John of Damascus part 26

Long before the outbreak in the eighth century there were isolated cases of persons who feared the ever-growing cult of images and saw in it danger of a return to the old idolatry. We need hardly quote in this connection the invectives of the Apostolic Fathers against idols (Athenagoras A Plea for the Christians 15-17; Theophilus, “Ad Autolycum” II; Minucius Felix, “Octavius”, xxvii; Arnobius, “Disp. adv. Gentes”; Tertullian, “De Idololatria”, I; Cyprian, “De idolorum vanitate”), in which they denounce not only the worship but even the manufacture and possession of such images. These texts all regard idols, that is, images made to be adored. But canon xxxvi of the Synod of Elvira is important.

This was a general synod of the Church of Spain held, apparently about the year 300, in a city near Granada. It made many severe laws against Christians who relapsed into idolatry, heresy, or sins against the Sixth Commandme…

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John of Damascus part 25

John of Damascus part 25

A curious story, that illustrates the length to which theworship of images had gone by the eighth century, is told in the “New Garden” ( Neon Paradeision — Pratum Spirituo ale) of a monk of Jerusalem, John Moschus (d. 619). This work was long attributed to Sophronius of Jerusalem. In it the author tells the story of an old monk at Jerusalem who was much tormented by temptations of the flesh. At last the devil promised him peace on condition that he would cease to honour his picture of our Lady He promised, kept his word, and then began to suffer temptations against faith. He consulted his abbot who told him that he had better suffer the former evil (apparently even give way to the temptation) “rather than cease to worship our Lord and God Jesus Christ with His mother”.

A favourite one of St. Gregory the Great

On the other hand, in Rome especially, we find the position of holy images explained soberly and reasonably. They are the books…

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John of Damascus part 24

John of Damascus part 24

The icon seems to have been in some sort the channel through which the saint was approached; it has an almost sacramental virtue in arousing sentiments of faith, love and so on, in those who gazed upon it; through and by the icon God worked miracles, the icon even seems to have had a kind of personality of its own, inasmuch as certain pictures were specially efficacious for certain graces. Icons were crowned with garlands, incensed, kissed. Lamps burned before them, hymns were sung in their honour. They were applied to sick persons by contact, set out in the path of a fire or flood to stop it by a sort of magic. In many prayers of this time the natural inference from the words would be that the actual picture is addressed.

If so much reverence was paid to ordinary images “made with hands”, how much more was given to the miraculous ones “not made with hands” (eikones acheiropoietai). Of these there were many that had descended miraculously from heave…

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John of Damascus part 23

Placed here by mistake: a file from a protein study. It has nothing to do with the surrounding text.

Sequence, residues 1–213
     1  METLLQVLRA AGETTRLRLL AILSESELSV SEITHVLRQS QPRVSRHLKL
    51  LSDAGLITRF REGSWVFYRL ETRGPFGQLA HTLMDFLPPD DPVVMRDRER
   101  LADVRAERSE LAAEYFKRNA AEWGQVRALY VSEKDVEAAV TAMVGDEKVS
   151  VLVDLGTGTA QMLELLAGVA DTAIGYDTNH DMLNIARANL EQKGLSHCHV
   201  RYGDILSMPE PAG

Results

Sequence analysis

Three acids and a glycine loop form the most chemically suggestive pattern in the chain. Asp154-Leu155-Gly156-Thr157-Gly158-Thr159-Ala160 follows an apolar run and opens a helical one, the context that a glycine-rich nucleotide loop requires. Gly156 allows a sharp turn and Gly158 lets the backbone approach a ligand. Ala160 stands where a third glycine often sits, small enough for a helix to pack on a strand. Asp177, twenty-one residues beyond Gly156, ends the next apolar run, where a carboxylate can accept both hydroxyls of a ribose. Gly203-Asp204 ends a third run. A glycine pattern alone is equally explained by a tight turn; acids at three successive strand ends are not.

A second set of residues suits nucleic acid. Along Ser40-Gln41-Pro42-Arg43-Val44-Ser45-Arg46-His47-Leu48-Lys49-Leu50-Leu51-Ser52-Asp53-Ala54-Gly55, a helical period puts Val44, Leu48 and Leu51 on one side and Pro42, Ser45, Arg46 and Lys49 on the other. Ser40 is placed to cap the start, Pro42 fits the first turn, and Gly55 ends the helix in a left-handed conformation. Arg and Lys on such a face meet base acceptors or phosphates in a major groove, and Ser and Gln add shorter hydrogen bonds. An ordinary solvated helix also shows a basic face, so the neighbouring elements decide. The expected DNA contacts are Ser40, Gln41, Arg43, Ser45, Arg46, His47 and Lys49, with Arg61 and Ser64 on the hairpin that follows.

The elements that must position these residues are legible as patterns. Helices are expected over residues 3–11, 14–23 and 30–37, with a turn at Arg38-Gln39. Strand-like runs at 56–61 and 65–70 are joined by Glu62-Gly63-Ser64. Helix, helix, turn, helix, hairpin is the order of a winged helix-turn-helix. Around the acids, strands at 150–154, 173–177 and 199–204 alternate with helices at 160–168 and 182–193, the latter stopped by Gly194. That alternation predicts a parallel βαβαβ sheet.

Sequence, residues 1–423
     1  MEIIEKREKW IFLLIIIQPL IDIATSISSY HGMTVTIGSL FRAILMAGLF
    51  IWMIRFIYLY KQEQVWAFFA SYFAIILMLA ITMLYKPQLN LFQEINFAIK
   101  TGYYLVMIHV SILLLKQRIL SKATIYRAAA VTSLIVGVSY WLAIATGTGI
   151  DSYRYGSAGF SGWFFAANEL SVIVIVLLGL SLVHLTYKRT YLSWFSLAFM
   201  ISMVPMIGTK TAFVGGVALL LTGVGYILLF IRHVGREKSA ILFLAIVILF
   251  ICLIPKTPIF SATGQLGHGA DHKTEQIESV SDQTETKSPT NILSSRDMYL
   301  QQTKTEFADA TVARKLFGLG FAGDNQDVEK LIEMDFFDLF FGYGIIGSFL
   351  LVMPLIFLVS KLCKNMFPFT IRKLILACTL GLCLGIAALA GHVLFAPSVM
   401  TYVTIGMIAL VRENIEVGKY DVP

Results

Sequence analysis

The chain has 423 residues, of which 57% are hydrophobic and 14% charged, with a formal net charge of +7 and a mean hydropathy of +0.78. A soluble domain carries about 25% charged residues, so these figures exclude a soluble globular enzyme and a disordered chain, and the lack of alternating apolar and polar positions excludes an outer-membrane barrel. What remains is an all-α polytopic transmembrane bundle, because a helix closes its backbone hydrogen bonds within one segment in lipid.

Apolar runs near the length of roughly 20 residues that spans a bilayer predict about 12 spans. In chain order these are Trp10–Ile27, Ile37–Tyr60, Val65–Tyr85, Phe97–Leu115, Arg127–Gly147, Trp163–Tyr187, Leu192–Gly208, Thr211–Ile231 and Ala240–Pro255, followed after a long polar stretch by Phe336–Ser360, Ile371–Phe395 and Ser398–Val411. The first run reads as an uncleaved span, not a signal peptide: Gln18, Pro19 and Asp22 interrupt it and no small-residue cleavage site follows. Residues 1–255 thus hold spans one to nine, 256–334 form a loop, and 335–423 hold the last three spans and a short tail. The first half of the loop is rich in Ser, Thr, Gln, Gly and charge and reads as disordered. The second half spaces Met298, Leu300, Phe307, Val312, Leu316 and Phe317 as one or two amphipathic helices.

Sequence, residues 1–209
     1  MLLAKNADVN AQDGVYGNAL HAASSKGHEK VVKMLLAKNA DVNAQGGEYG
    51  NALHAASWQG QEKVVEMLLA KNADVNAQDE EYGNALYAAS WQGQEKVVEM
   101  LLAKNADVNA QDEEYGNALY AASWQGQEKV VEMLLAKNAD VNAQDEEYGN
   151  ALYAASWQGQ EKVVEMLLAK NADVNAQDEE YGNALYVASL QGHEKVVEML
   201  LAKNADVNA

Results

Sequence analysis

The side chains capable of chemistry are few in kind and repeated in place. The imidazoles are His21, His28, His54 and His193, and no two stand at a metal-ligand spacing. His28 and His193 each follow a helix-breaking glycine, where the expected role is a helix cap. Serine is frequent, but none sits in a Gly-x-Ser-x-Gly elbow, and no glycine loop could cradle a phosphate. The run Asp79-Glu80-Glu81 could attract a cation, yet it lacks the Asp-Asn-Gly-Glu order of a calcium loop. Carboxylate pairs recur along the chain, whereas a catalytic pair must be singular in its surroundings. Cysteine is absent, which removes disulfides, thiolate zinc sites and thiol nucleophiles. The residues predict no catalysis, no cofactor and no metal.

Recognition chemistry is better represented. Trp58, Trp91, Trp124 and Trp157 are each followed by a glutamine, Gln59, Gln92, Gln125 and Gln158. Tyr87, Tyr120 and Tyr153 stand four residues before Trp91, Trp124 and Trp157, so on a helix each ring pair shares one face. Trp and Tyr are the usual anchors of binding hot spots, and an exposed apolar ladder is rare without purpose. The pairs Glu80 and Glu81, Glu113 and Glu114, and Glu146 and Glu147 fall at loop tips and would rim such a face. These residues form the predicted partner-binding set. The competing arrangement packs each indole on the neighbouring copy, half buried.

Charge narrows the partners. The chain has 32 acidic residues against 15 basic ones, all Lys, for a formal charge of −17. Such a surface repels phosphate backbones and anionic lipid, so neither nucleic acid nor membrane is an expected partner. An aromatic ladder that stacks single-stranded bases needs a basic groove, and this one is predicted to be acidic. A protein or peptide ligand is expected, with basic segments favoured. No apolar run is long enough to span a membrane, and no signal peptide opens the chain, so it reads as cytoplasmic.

John of Damascus part 23

Long afterwards the Frankish bishops in the eighth century were still unable to understand forms that in the East were natural and obvious, but to Germans seemed degrading and servile (Synod of Frankfort, 794; see ICONOCLASM IV). It is significant too that, although Rome and Constantinople agree entirely as to the principle of honouring holy images with signs of reverence, the descendants of the subjects of the Eastern emperor still go far beyond us in the use of such signs.

The development was then a question of genera fashion rather than of principle. To the Byzantine Christian of the fifth and sixth centuries prostrations, kisses, incense were the natural ways of showing honour to any one; he was used to such things, even applied to his civil and social superiors; he was accustomed to treat symbols in the same way, giving them relative honour that was obviously meant really for their prototypes.

And so he carried his normal habits with him into church. Traditi…

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John of Damascus part 22

John of Damascus part 22

Distinct from the admission of images is the question of the way they are treated. What signs of reverence, if any, did the first Christians give to the images in their catacombs and churches? For the first period we have no information.

There are so few references to images at all in the earliest Christian literature that we should hardly have suspected their ubiquitous presence were they not actually there in the catacombs as the most convincing argument. But these catacomb paintings tell us nothing about how they were treated.

We may take it for granted, on the one hand, that the first Christians understood quite well that paintings may not have any share in the adoration due to God alone. Their monotheism, their insistence on the fact that they serve only one almighty unseen God, their horror of the idolatry of their neighbours, the torture and death that their martyrs suffered rather than lay a grain of incense before the statue of the emperor’s numen…

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John of Damascus part 21

John of Damascus part 21